I felt I really needed to do a film like Bombay Velvet because I was increasingly being associated with only the coming-of-age kind of films… in fact, I had almost started feeling like Harry Potter! (Laughs out loud) When you do films like Bombay Velvet, you become aware of your level of talent. Sometimes you can pull things off and then sometimes you can’t… like I couldn’t pull off Besharam… but it’s important to try.
Was there ever a moment on the Bombay Velvet set when you felt you couldn’t pull it off?
No matter what your doubts are before, once you are in, you are in… then you have to pull it off with conviction. An actor can only convince a viewer if he himself is convinced about what he is doing. That was very important and Anurag really helped me a lot in tapping into that lack of self-confidence and turning it around… my co-stars helped me a lot, as did my team. Johnny’s emotional depth and vulnerability was there in the script, but on set, it was up to me to build on it. And the character is totally unlike me. I haven’t ever slapped anyone in life or even in my films, for that matter. And here I am killing people at the drop of a hat, sticking knives into them, firing from Tommy guns…. The good thing is that I am someone who is a little arrogant about my talent (smiles), but once I am in, I prepare myself to the point of surrendering myself to the part completely.
Was the chance to revisit the era in which your grandfather Raj Kapoor made his films a reason to be a part of this film?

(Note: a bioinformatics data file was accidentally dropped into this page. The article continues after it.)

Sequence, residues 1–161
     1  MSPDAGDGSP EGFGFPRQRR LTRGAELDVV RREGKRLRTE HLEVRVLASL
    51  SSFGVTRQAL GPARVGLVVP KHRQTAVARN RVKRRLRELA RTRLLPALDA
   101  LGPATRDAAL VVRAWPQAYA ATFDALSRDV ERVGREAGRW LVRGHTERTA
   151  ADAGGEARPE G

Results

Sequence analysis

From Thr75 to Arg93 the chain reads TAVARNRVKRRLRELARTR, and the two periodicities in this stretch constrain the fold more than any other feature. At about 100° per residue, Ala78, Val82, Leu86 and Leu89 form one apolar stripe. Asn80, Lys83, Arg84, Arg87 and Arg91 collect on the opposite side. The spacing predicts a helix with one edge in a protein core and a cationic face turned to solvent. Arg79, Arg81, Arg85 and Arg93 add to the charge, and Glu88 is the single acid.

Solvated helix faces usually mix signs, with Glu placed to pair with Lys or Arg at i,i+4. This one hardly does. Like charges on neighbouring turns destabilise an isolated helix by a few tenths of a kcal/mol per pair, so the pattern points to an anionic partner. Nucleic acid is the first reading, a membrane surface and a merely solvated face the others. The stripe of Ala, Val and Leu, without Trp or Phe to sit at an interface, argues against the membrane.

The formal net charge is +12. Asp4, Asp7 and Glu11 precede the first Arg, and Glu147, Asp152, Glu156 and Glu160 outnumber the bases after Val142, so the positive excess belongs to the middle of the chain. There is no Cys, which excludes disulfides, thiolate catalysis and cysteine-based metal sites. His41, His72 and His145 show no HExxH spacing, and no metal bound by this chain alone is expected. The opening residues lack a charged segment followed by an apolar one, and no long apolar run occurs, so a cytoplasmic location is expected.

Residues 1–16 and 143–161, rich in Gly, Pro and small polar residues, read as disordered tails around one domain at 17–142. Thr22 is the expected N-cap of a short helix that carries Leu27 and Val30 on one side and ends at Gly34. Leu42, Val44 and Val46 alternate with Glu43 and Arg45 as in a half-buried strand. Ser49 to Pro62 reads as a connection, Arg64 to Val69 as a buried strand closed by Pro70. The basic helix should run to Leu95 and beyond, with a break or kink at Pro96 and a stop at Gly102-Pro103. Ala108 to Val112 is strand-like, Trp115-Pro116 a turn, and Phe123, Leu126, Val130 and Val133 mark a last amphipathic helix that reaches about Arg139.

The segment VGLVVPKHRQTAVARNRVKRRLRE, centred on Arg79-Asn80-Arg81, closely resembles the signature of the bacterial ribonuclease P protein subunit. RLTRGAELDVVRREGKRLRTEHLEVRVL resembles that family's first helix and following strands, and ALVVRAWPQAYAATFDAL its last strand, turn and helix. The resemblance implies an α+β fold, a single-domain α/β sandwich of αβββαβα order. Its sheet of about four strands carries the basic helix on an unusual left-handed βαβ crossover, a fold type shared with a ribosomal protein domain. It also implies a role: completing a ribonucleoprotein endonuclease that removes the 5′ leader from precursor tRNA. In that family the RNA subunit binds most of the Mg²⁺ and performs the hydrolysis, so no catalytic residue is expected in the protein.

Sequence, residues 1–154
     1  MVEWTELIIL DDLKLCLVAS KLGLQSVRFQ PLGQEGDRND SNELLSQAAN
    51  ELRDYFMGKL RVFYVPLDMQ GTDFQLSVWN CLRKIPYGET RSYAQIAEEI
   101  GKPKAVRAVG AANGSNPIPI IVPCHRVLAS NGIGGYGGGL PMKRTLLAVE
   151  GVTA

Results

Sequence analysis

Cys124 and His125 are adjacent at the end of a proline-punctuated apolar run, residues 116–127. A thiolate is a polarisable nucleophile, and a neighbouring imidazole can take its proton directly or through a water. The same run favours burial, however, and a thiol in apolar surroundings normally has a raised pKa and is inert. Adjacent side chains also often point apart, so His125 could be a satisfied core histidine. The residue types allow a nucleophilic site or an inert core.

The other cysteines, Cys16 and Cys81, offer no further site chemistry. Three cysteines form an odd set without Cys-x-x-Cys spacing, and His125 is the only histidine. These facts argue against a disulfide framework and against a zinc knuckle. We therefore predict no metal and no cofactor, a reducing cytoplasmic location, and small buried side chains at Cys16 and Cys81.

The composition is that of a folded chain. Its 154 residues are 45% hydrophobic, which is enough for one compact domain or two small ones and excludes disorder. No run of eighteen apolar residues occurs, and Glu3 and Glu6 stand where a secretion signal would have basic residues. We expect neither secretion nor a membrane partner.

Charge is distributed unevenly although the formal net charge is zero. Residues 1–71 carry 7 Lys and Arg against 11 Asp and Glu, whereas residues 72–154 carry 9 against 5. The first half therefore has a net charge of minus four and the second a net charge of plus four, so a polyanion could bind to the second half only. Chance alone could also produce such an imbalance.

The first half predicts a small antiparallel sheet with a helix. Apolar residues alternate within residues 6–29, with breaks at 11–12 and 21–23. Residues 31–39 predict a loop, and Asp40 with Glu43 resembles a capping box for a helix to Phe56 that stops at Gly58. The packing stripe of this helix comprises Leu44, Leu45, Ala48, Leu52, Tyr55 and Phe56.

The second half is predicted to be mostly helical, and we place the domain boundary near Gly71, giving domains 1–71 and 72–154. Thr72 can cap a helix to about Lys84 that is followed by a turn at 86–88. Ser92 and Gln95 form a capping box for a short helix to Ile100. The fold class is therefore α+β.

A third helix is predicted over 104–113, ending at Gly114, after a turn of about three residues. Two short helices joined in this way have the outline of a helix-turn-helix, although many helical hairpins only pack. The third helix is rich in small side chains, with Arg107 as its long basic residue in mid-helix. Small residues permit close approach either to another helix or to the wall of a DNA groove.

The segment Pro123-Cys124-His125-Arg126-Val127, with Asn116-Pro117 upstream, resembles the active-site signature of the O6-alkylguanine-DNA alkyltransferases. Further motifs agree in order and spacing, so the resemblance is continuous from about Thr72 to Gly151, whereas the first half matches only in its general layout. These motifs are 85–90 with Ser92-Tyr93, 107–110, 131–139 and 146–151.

It’s rightly said that the ’50s is the golden period of Indian cinema. It’s my favourite period in Indian films…. If I had to be reborn in any era, it would be the ’50s. But no, that was not a reason why I did this film. What Anurag was creating… the glamorous side of ’50s Bombay… was what attracted me. He’s showing the way Bombay actually was in the ’50s… the whole era of vintage cars, jazz, rising business tycoons, young men of lesser means but with great ambition…. For him, it was never about, ‘Come let’s shoot in old structures and make it look like the ’50s’… it was always about being authentic and detailed and never compromising on his vision. The costume designer, the lighting team, the property person… they have all worked extensively to bring the ’50s alive and that’s the first thing that will jump out at you when you watch the film.
But yes, my style inspirations for Bombay Velvet have been my grandfather and Kishore Kumar. My scraggly hair is exactly how Kishore Kumar’s used to be. The biggest challenge was the language and for that, I channelled quite a bit of Johnny Walker in Mr and Mrs ’55.
Anurag’s understanding of cinema is huge, to the point of being a passion. Did you find yourself struggling at any point to match up to that or…